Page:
What is scrapple? That’s the question I asked upon when I stumbled upon a picture of it online. Apparently, it’s “a savory mush of pork scraps and trimmings combined with cornmeal and flour” that’s fried in loaf form. Or, to put it in simpler terms, it’s like bread made out of hog offal. For those of you unfamiliar with everyday butcher’s terminology, offal includes the head, heart, liver and kidneys.
What’s most surprising regarding my discovery of this new sandwich “meat” is that it apparently is very popular in the northeastern United States, including Philly and New England. Delaware is the scrapple capital of the U.S., which matters a great deal to me because Dealware is where my ancestors landed on the shores of North American in the 17th century. Since (again according to wikipedia) scrapple was the first pork food invented in America, I suddenly feel great nostalgia and longing for it.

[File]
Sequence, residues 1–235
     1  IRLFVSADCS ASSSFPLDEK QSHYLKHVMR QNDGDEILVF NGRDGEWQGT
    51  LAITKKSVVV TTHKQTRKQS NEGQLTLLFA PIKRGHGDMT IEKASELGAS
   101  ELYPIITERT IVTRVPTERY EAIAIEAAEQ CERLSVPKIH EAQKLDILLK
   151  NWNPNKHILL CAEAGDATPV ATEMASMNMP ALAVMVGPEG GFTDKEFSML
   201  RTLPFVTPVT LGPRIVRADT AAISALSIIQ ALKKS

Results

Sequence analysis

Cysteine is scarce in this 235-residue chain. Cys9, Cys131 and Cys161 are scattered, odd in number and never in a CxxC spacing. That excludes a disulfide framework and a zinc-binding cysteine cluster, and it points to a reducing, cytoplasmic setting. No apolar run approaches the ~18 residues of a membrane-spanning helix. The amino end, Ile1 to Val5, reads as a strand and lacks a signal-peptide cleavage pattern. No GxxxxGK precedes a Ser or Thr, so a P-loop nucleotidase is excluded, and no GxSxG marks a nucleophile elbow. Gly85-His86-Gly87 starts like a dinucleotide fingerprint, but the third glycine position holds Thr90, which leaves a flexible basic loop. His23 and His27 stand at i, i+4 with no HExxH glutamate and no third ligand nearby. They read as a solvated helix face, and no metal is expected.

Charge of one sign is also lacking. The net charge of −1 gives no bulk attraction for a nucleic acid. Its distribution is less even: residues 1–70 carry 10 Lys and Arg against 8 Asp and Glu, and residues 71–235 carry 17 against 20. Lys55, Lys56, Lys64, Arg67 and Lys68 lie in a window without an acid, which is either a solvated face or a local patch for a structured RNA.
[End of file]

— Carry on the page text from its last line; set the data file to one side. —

So, I am now on a Scrapplequest. I will eat as much of this fried organloaf as possible and discover whether it is good and, if so, what it is like. I think there is a gap in our world between the rather large presence of scrapple, its importance to our national history and our low levels of Scrappleducation.
I invite readers with scrapple recommendations or stories to comment; I will follow your advice and heed your warnings, as always.
Note: Apparently scrapple has a strong cult following in the Philadelphia area, and people there are most likely going to mock me for never having heard of it. All I can say is: this is your chance to scrappleducate the rest of us. Also, if you cooperate, I’ll make sure you get some tasty fried gator next time you come to Central Florida.